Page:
Tell us a bit about your experience of postnatal depression and what your recovery looked like? What gaps did you find in your own experience of the health system/support system?
My first daughter was born in June of 2015 and I suffered with postnatal depression and post-traumatic stress disorder shortly after. Having a history of depression and anxiety and a professional background in social work, I knew exactly what it was. Unfortunately, this was not enough to find adequate support. I engaged with quite a few professionals short term but found that they misunderstood my experience and my goals as a parent. Solutions such a sleep training and ceasing breastfeeding were frequently offered as part of a treatment plan which I was not comfortable with. Recovery for me was taking ownership. I could have easily stayed in the place that I was. But I dug deep. And creating The Postnatal Project was a big part of that.
How did you go from feeling so unwell to starting the postnatal project- what drove you and inspired you over that time?
I created The Postnatal Project as an anonymous blog when I was still in the depths of postnatal depression. It's in my nature to help others and as a creative soul, I used my pain to form my own idea within the message that no parent should suffer in silence. I experienced a lot of stigma when seeking treatment and when discussing my postnatal experiences with others. This was also the inspiration. Eventually, I realised that putting a face to a name was much more beneficial. When I did this, as scary as it was, I felt so much more empowered. And I haven't looked back. I almost can't believe I would ever be ashamed of something as crucial as postnatal depression where silence feeds the suffering. The Postnatal Project has continued to grow and it's hard to pinpoint exactly when I recovered a few years ago now, but there's been a definite shift in the content and purpose. I now aspire to support parents to acknowledge and honour their emotional wellbeing. I've stepped away from retelling my story somewhat. It's less about my recovery and more about prevention and parenting support.
What advice would you give to any women reading this who are struggling after having a baby?
I actually talk a lot about the changes within motherhood. And this will not be your conventional advice and based on my own experience as a stay at home parent. Working parents will resonate with this too. But these days, the reason for a parent's struggle usually stems from very little support. Some might think that a partner who provides financially and a mother in law who pops over on occasion is a luxury. It's simply not enough. We were never designed to become a primary caregiver and parent in isolation all day long. We have been significantly let down by the picture that society paints parenthood to be. This leads to anxiety, depression and other symptoms and experiences. Under these circumstances, feeling like a failure can be a natural response. But my advice to parents who are struggling after having a baby in Western society is that you are not failing, you have actually been failed. As dark as this notion is, it opens up a conversation for positive change and assertiveness that only awareness can support. My advice is to demand the support that you need. You deserve it.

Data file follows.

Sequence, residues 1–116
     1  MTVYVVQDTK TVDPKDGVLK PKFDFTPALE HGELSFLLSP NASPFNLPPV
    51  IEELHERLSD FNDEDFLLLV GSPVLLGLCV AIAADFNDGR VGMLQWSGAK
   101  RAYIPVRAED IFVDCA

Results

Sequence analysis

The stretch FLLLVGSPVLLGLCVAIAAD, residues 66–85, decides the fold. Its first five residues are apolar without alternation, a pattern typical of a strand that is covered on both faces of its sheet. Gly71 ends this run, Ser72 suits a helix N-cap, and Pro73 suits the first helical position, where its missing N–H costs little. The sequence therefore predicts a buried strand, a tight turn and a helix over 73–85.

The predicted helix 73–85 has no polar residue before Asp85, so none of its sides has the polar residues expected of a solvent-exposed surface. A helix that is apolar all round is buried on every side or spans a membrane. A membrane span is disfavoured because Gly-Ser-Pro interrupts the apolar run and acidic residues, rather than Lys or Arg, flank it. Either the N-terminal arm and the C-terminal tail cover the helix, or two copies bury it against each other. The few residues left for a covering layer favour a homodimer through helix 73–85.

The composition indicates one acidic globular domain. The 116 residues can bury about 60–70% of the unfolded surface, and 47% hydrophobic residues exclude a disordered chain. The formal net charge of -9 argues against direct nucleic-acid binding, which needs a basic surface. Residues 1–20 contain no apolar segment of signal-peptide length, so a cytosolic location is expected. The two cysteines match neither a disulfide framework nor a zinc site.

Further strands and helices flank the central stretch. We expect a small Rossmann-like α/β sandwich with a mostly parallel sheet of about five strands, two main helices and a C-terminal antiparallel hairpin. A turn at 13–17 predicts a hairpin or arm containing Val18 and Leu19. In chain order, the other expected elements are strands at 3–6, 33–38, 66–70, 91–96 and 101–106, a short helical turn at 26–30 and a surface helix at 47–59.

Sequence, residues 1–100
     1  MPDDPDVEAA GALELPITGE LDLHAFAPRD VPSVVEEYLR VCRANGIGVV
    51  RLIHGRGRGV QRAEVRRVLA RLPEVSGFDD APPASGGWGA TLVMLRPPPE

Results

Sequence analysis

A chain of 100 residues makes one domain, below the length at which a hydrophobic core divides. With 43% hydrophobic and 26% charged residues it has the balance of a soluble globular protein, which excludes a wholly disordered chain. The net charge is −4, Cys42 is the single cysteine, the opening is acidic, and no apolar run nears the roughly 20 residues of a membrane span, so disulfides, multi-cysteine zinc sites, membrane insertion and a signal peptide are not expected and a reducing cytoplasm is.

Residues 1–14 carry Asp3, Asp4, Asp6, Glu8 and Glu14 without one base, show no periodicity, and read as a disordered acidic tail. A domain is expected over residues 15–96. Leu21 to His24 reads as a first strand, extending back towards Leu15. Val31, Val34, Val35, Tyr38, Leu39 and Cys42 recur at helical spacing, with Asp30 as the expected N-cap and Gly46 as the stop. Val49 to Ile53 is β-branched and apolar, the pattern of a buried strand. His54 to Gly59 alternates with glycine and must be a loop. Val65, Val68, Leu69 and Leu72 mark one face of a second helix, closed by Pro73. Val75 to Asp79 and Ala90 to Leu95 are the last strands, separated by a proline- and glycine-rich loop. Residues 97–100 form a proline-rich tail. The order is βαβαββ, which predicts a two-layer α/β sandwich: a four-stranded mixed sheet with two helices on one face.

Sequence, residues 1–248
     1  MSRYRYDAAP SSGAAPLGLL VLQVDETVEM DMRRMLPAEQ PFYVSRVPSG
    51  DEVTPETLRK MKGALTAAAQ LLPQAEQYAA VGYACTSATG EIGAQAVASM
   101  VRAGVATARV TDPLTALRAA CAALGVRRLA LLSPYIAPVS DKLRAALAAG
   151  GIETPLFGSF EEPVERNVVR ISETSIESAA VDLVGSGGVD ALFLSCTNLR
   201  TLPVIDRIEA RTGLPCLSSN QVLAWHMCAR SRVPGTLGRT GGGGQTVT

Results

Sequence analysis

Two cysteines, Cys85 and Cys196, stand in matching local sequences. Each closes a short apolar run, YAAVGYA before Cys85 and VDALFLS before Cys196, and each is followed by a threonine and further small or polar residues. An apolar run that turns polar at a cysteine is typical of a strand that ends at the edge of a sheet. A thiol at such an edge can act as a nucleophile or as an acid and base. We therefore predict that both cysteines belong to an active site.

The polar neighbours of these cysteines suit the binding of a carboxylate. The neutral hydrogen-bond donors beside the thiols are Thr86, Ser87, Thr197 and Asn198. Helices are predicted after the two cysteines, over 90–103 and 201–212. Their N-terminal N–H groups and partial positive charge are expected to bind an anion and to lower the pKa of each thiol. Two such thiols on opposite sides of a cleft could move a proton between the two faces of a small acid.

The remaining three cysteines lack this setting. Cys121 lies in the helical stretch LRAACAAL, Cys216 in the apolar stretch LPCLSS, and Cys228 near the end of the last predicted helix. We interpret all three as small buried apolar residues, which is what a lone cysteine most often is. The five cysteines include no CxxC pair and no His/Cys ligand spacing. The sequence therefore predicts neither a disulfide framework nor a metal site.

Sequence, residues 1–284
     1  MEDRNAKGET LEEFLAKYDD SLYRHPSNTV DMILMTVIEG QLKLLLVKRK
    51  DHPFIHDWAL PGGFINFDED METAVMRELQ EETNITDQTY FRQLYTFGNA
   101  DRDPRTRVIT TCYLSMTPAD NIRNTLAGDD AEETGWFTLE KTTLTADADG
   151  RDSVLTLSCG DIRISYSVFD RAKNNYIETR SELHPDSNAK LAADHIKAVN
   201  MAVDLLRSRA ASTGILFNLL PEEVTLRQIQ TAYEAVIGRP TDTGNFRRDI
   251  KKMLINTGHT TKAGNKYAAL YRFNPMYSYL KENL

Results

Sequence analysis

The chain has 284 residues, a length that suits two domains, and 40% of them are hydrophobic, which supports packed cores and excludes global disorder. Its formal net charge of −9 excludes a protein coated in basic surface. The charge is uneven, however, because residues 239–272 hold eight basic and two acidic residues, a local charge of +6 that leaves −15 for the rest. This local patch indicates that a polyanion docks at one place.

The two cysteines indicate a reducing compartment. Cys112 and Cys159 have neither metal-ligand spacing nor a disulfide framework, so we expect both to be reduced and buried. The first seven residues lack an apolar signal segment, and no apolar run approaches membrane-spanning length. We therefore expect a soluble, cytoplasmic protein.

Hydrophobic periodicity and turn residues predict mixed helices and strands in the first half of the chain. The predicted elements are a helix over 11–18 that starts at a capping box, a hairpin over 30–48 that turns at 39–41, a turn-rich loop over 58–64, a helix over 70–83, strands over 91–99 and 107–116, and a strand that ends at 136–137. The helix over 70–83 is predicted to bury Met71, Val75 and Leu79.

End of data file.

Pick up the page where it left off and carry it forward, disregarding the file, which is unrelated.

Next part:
How do you juggle work and family- what does a typical day look like for you?
A typical day is at home with my two small children. My husband works in close proximity so he comes home for lunch which is lovely. In the evenings and on Friday afternoons, I focus my attention on The Postnatal Project. Having a small business and blog is very time-consuming and I do find that this balance works. However, I'm very open to changing this arrangement to better suit my mental health and the needs of my children should the change need to occur. I'm very passionate about being present for my children and strive to embrace their childhood as opposed to fill the gaps with my business.
What are your hopes and dreams for the Postnatal Project?
My hopes and dreams for The Postnatal Project are to continue on and continue to grow. At the moment, The Postnatal Project exists mostly online and I'm in the brainstorming and planning stages at the moment of offering face-to-face support options. I don't see myself ever stopping. I have found a lifelong passion and purpose. I am committed to supporting parents and decreasing the level of suffering that currently exists within this space. Although one day, I'd love to become obsolete!
Zelma Tolley is a social worker and Founder of The Postnatal Project. Zelma has a special interest in birth trauma, breastfeeding, gentle parenting and perinatal wellness. The Postnatal Project offers online support programs and digital products designed to enhance the parenting experience and support emotional wellbeing.
You can find out more about her offerings here: